“There was a folk music group playing, and one of the members looked up and saw somebody leaning against these flats [backstage] with their arms folded, weight on one foot, listening to the music,” said Wayne. “After the show they were asking, ‘How’d this person get back here?’ and we told them that there was no access back here; there was no way.”
Not all the ghosts are benign, however. One catalogued by the psychic is a very angry male. The precise identity of this ghost is believed to be known, but the brothers have been asked by surviving family members to not identify him to others. This ghost has a habit of shoving young women with long brown hair down the left staircase in the Wendy Williamson lobby. One graphic tale of this took place during a beauty pageant. A girl was on the middle landing, descending the stairs, when she suddenly pitched forward and fell partway down the remaining steps.
“The girls laughed at her, saying she didn’t know how to stand in her heels, and she said, ‘No, I swear, I was pushed.’ I’d been standing right there, and no one was behind her,” said Shane. While Mitchell never saw the ghost, he was standing in the lobby and witnessed the girl fall forward in such a way that made it appear to have been more than a careless trip.
The next day, the girl was wearing an open-back gown for the evening wear contest, and had two large bruises in the shape of handprints, where she felt she’d been shoved.
This ghost is also believed to be responsible for many of the negative feelings workers feel in certain areas of the theater. The room with the most of these “get out” feelings is the lighting booth.
“There was a stage manager doing a show, and right in the middle of it, it was like somebody was pounding on all the outsides of these walls. Like somebody was hammering their way around these walls while doing the show,” said Petra Banks, an event facilitator at the Wendy Williamson.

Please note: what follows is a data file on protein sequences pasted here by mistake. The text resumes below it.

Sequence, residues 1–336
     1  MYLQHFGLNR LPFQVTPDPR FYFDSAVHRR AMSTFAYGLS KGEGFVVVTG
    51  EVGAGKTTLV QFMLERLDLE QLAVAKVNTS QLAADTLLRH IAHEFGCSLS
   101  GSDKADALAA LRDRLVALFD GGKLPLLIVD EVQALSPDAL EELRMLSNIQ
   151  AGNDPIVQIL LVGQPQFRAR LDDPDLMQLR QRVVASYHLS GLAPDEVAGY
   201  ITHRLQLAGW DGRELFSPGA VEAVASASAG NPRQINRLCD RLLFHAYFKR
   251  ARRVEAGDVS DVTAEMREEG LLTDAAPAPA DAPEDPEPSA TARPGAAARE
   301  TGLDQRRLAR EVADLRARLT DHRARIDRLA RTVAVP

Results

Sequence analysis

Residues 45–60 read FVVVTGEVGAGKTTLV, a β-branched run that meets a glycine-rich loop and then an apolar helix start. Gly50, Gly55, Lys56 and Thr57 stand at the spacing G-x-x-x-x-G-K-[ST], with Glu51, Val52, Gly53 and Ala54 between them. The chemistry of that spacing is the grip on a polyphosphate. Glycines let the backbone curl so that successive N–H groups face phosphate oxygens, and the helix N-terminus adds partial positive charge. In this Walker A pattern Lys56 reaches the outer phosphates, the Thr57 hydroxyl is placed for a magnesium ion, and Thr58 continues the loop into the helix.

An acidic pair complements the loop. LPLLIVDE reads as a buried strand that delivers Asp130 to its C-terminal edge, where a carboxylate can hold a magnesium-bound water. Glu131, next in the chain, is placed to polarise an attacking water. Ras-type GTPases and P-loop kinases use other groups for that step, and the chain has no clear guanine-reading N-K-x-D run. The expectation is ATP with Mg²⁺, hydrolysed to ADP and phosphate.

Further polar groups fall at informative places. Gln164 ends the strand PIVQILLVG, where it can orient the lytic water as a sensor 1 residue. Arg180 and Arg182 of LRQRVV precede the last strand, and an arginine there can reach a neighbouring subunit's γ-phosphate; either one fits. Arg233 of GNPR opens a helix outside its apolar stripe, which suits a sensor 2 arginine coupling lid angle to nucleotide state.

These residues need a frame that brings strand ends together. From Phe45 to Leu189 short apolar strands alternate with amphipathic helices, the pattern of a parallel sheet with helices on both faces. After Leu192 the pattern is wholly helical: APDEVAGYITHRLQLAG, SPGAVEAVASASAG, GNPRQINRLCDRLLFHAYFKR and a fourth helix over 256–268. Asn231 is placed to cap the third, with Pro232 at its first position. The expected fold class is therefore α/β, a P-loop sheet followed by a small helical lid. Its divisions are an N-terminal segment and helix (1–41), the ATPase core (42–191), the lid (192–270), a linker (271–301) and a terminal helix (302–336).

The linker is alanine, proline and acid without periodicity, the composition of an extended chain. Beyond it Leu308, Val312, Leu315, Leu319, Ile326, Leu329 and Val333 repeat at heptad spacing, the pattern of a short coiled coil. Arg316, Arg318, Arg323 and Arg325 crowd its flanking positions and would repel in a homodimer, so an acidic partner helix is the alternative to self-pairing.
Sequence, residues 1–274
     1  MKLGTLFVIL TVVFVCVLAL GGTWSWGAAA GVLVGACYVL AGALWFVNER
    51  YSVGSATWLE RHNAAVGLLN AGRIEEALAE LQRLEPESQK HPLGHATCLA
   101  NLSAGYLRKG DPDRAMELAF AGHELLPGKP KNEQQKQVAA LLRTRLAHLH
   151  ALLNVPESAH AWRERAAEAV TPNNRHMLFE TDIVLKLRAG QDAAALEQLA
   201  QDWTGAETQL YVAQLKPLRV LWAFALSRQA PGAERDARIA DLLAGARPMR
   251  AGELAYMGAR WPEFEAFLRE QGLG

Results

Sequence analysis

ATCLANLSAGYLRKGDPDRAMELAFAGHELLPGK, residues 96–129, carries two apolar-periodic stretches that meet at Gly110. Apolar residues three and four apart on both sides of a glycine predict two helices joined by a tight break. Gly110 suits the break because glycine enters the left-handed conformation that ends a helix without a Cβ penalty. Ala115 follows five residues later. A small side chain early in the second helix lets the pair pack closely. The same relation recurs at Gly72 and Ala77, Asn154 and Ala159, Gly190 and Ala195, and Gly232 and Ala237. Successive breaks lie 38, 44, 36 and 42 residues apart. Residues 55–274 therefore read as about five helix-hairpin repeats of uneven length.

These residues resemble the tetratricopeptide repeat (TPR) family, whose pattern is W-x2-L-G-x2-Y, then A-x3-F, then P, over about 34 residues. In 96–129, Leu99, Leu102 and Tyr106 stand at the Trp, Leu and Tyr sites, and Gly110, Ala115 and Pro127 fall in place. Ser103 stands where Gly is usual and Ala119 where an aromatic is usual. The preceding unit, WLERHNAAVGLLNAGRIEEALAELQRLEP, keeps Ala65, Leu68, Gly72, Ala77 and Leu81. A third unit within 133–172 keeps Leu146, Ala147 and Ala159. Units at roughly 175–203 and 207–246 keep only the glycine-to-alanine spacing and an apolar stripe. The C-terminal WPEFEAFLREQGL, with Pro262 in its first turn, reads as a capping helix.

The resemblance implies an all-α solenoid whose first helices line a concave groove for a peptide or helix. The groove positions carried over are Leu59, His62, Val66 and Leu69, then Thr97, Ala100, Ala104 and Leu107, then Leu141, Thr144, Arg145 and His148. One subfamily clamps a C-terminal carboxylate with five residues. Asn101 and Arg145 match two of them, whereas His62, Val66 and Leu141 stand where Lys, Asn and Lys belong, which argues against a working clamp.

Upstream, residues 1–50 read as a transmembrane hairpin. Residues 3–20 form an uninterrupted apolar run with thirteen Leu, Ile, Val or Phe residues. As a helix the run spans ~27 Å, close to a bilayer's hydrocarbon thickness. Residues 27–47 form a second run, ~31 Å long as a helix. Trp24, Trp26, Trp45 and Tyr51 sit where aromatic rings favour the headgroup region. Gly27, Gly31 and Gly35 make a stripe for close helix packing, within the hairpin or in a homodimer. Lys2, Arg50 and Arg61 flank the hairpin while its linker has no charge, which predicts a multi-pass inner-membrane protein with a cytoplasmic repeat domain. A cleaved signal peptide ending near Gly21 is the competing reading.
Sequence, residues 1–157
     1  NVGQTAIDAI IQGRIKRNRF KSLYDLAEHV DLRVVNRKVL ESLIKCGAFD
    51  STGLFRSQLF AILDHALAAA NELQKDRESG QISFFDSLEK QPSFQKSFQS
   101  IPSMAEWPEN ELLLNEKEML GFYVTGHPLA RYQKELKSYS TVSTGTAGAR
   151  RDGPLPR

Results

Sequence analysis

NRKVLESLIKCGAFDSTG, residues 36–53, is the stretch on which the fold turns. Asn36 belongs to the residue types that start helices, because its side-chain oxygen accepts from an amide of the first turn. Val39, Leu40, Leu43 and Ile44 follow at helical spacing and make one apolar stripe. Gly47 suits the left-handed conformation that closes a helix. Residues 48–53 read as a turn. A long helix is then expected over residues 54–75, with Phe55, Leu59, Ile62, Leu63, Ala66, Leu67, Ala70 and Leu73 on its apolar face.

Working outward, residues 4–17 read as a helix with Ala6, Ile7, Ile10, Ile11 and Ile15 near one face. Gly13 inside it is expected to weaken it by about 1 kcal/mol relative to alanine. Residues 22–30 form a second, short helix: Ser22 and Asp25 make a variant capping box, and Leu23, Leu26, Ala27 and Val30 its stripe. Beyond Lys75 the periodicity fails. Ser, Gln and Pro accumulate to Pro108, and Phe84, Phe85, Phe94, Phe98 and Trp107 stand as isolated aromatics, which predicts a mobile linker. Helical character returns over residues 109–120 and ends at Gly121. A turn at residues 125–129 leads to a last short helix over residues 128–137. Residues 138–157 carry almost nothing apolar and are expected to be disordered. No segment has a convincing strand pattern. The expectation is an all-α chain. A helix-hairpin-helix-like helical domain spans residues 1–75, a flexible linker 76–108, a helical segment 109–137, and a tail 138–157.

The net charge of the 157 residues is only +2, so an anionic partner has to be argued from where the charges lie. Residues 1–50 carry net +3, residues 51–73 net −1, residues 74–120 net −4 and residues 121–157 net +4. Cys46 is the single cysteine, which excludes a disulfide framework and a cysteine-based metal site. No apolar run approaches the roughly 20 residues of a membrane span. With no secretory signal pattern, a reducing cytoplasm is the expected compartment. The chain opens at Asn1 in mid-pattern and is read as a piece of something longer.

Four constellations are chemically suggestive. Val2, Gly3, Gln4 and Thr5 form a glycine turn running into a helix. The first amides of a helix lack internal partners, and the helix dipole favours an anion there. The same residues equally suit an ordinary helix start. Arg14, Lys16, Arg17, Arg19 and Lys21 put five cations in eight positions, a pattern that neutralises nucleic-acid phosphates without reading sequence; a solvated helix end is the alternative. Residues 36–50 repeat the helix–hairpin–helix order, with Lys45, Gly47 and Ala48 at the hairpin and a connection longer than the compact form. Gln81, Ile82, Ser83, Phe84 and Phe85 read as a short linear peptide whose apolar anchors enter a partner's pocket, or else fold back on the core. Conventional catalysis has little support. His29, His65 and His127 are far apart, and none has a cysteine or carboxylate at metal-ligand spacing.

The last ghost, a teenager believed by most to be a male, is seen and felt the least. However, he is possibly the kindest of the supernatural residents. A teenage girl who used to act in the theater became seriously ill and needed to go through surgery. She was frightened when she was separated from her family, but immediately felt the pressure of someone, that felt like a teenage boy, holding her wrist gently. She was immediately at ease, and despite the fact that no one present was actually holding her wrist, the overwhelming sense of comfort emitted by the presence stayed with her until the very moment she was reunited with her family again.
“She said that experience convinced her of the potential existence of ghosts, and in fact thought that it was something that had followed her from here,” said Wayne.
The ghosts, who all have different backgrounds not necessarily associated with the theater, are believed to be drawn to the Wendy Williamson because of all the raw emotional energy expelled in the theater in the form of plays and other shows.
“The way she [the psychic] explained it was that a being that is now nothing but energy, when they see a great deal of energy expended, emotional energy, will be drawn to it,” said Shane.
Whether ghosts are real, or simply figments of imagination, no one can deny that things happen which cannot be explained. So even if you don’t believe in ghosts, keep an eye out when visiting the Wendy Williamson Auditorium for any unusual happenings.
Maybe you’ll see a ghost, or maybe you’ll do the employees there a favor and find a more scientific explanation for all the oddities reported over the years.